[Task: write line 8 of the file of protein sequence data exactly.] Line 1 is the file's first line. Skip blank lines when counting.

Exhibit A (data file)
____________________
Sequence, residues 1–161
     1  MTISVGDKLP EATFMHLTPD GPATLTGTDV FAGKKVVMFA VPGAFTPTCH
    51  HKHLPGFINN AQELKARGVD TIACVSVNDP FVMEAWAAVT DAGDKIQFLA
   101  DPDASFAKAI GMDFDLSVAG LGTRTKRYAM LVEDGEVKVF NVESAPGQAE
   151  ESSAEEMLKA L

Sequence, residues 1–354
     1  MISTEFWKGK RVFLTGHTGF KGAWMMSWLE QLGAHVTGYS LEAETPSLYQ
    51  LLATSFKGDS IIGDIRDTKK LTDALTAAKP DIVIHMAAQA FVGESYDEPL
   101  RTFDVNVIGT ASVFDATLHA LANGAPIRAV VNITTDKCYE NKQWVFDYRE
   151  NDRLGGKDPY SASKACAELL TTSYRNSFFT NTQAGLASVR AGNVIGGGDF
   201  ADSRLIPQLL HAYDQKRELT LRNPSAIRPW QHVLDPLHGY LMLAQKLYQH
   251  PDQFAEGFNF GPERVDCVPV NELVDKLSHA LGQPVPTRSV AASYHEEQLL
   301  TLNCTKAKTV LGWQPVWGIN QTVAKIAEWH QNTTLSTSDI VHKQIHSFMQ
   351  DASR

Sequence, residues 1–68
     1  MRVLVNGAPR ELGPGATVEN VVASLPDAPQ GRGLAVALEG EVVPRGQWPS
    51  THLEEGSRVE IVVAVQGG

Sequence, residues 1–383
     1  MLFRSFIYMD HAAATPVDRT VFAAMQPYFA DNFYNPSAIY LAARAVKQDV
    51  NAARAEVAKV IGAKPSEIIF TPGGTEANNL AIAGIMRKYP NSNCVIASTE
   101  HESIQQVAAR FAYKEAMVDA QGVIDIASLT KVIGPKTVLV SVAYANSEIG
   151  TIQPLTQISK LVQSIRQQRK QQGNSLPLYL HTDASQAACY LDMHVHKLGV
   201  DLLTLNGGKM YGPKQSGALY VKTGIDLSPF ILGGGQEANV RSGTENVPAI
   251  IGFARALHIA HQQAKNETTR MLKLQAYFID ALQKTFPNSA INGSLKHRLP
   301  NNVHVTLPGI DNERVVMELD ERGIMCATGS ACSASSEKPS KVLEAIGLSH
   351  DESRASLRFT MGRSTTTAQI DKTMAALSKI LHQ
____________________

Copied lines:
    51  LLATSFKGDS IIGDIRDTKK LTDALTAAKP DIVIHMAAQA FVGESYDEPL